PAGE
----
>> network? What hardware do I need to purchase?
    >>
    >> Thanks!
    >> Paul
    >
    >.
    >
  3. Archived from groups: microsoft.public.broadbandnet.hardware (More info?)

    Paul,

    Same problem here with my MN-700. I get an excellent
    signal in half of the house...the other half none at all.
    My house is one story and about 80 feet long. I tried a D-
    link signal extender, but had compatibility issues and
    sent it back. I was actually thinking about sending my
    msft stuff back for the money back guarantee and buying
    Netgear. Any ideas?

    Rick
    >-----Original Message-----
    >I currently have an MN-500 network that works great in my
    >2 bedroom apartment, but I am soon moving into a much
    >larger house with three floors.
    >
    >Assuming that the single base station won't be sufficient
    >to provide high-throughput access throughout the house
    >(which I would presume is very likely), can someone tell
    >me what my options are for extending the range of my
    >network? What hardware do I need to purchase?
    >
    >Thanks!
    >Paul
    >.
    >
  4. Archived from groups: microsoft.public.broadbandnet.hardware (More info?)

    So long as that port is connected to the other MN-500.

    Paul wrote:

    > Joker-
    >
    > Thanks for the reply! This may be a stupid question, but
    > my new house is apparently "wired" with ethernet ports in
    > various rooms. Would I follow a similar setup? Could I
    > just plug another MN-500 box into the wall?
    >
    > Thanks!
    >
    > Paul
    >
    >
    >
    >>-----Original Message-----
    >>Broadband modem --> WAN port of MN-100, MN-500, or MN-700
    >
    > #1
    >
    >>MN-100, MN-500, or MN-700 #1 LAN port #2 --> WAN port of
    >
    > MN-100, MN-500,
    >
    >>or MN-700 #2
    >>MN-100, MN-500, or MN-700 #1 LAN port #3 --> WAN port of
    >
    > MN-100, MN-500,
    >
    >>or MN-700 #3 (if available)
    >>
    >>Make sure all MN-100s & MN-500s are running the latest
    >
    > firmware 1.11.017
    >
    >>Make sure all MN-700s are running the latest firmware
    >
    > 2.01.02.0590
    >
    >>Now lets look at the setup of each MN-100, MN-500, or MN-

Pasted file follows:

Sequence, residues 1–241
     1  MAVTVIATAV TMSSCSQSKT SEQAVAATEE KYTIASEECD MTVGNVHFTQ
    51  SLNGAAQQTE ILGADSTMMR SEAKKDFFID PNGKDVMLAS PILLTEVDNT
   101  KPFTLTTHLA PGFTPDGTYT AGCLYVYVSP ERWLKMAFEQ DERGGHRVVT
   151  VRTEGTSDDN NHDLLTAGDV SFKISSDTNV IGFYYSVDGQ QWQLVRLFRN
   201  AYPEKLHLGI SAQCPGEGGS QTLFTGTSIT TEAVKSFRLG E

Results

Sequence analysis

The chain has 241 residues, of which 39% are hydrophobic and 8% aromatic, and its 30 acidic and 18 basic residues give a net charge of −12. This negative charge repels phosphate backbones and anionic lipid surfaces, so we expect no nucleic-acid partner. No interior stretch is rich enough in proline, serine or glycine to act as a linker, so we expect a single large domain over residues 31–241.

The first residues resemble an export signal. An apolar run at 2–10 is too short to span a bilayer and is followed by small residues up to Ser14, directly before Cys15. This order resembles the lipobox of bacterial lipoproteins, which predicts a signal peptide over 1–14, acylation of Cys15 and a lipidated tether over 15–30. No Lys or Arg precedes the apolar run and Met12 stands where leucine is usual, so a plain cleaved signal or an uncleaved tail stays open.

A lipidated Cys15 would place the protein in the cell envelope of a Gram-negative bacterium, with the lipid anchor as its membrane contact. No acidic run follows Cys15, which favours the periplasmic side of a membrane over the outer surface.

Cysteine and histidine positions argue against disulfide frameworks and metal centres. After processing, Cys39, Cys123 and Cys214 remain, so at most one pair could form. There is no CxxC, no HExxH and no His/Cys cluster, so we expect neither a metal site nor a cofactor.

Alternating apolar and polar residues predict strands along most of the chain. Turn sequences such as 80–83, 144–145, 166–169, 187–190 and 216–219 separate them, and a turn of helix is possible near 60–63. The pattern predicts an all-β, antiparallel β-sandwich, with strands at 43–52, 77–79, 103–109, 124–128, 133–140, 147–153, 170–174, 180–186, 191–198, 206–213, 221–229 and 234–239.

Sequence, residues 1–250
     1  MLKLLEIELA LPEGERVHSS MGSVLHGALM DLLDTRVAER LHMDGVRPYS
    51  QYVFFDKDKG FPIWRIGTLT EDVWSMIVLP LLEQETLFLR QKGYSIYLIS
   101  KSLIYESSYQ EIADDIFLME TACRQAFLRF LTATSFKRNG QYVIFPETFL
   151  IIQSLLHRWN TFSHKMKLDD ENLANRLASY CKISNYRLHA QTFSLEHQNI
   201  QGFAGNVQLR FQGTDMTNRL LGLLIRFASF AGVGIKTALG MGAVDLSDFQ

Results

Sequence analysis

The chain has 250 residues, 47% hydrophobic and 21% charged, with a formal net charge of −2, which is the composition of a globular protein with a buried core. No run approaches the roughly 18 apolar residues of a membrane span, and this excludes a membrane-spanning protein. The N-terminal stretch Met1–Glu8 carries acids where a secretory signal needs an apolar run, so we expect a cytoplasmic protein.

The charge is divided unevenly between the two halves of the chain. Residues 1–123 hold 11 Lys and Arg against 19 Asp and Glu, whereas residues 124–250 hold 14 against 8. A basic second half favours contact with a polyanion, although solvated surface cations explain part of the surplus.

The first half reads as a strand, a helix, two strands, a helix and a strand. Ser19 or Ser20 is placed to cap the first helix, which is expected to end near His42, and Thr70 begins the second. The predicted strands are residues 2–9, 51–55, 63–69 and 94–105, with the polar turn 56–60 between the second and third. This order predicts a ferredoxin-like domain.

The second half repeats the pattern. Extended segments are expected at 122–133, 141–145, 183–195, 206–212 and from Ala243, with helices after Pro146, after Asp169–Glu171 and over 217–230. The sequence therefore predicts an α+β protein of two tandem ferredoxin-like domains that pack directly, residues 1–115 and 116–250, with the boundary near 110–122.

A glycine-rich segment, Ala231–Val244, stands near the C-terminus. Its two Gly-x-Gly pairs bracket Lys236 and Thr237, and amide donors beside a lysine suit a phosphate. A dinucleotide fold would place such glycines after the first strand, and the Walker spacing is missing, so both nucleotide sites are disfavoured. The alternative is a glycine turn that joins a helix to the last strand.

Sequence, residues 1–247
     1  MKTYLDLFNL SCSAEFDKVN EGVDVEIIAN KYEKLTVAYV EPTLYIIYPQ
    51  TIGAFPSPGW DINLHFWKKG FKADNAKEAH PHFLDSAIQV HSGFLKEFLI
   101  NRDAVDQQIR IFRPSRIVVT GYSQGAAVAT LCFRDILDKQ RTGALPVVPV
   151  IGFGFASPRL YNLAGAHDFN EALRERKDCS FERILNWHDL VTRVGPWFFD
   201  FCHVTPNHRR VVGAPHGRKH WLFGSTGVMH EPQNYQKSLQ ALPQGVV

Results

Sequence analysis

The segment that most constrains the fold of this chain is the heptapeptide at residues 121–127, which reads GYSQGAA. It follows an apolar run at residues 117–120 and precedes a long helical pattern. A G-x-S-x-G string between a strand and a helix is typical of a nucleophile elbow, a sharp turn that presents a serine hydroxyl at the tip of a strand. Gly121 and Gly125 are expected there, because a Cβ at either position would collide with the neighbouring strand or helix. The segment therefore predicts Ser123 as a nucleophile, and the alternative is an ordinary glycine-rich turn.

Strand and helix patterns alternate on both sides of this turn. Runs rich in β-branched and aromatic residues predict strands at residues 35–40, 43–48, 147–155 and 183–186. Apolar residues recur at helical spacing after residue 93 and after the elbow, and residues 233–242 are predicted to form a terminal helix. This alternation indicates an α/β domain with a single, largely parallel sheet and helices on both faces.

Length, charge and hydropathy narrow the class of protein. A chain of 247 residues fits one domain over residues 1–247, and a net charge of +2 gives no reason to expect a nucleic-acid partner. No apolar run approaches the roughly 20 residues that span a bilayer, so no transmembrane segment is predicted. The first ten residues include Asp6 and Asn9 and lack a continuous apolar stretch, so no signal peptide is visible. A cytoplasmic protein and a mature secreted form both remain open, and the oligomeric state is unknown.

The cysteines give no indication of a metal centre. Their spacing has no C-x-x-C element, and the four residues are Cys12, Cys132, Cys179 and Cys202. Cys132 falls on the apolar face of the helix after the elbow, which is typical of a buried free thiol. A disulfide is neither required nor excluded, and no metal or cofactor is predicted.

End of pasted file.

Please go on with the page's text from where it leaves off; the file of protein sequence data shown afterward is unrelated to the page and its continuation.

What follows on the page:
>
    > 700:
    >
    >>MN-100, MN-500, or MN-700 #1
    >>router mode
    >>LAN IP address at default of 192.168.2.1
    >>some SSID (if wireless)
    >>some WEP key or WPA key if MN-700 (if wireless)
    >>channel 6 (if wireless)
    >>
    >>MN-100, MN-500, or MN-700 #2
    >>bridge mode
    >>LAN IP address at 192.168.2.42, outside of default DHCP
    >
    > range
    >
    >>same SSID (if wireless)
    >>same WEP key or WPA key if MN-700 (if wireless)
    >>channel 1 (if wireless)
    >>
    >>MN-100, MN-500, or MN-700 #3 (if available)
    >>bridge mode
    >>LAN IP address at 192.168.2.43, outside of default DHCP
    >
    > range
    >
    >>same SSID (if wireless)
    >>same WEP key or WPA key if MN-700 (if wireless)
    >>channel 11 (if wireless)
    >>
    >>
    >>If you keep the SSID and WEP key or WPA key (if using the
    >
    > MN-700) the
    >
    >>same for all base stations, people will be able to move
    >
    > between
    >
    >>locations and get a connection.
    >>
    >>If you are using WEP on some but WPA on other wireless
    >
    > routers you will
    >
    >>have to reconfigure the wireless settings as you switch
    >
    > between wireless
    >
    >>networks.
    >>
    >>You need to select non-overlapping channels for the base
    >
    > stations to
    >
    >>prevent interference.
    >>
    >>Non-overlapping channels have at least 5 channels between
    >
    > them as 1, 6,
    >
    >>& 11 do.
    >>
    >>Channels 1, 6, & 11 are the three non-overlapping
    >
    > channels.
    >
    >>There are more combinations if you only need two channels.
    >>
    >>Paul wrote:
    >>
    >>
    >>>I currently have an MN-500 network that works great in
    >
    > my
    >
    >>>2 bedroom apartment, but I am soon moving into a much
    >>>larger house with three floors.
    >>>
    >>>Assuming that the single base station won't be
    >
    > sufficient
    >
    >>>to provide high-throughput access throughout the house
    >>>(which I would presume is very likely), can someone
    >
    > tell
    >
    >>>me what my options are for extending the range of my
    >>>network? What hardware do I need to purchase?
    >>>
    >>>Thanks!
    >>>Paul
    >>
    >>.
    >>
  5. Archived from groups: microsoft.public.broadbandnet.hardware (More info?)

    The only way to extend the range is either use an ethernet cable as I
    mentioned of something like the MN-740 to bridge the wireless into a
    wired connection so that the next router can connect to the previous router.

    rdroadrash@discussions.microsoft.com wrote:

    > Paul,
    >
    > Same problem here with my MN-700. I get an excellent
    > signal in half of the house...the other half none at all.
    > My house is one story and about 80 feet long. I tried a D-
    > link signal extender, but had compatibility issues and
    > sent it back. I was actually thinking about sending my
    > msft stuff back for the money back guarantee and buying
    > Netgear. Any ideas?
    >
    > Rick
    >
    >>-----Original Message-----
    >>I currently have an MN-500 network that works great in my
    >>2 bedroom apartment, but I am soon moving into a much
    >>larger house with three floors.
    >>
    >>Assuming that the single base station won't be sufficient
    >>to provide high-throughput access throughout the house
    >>(which I would presume is very likely), can someone tell
    >>me what my options are for extending the range of my
    >>network? What hardware do I need to purchase?
    >>
    >>Thanks!
    >>Paul
    >>.
    >>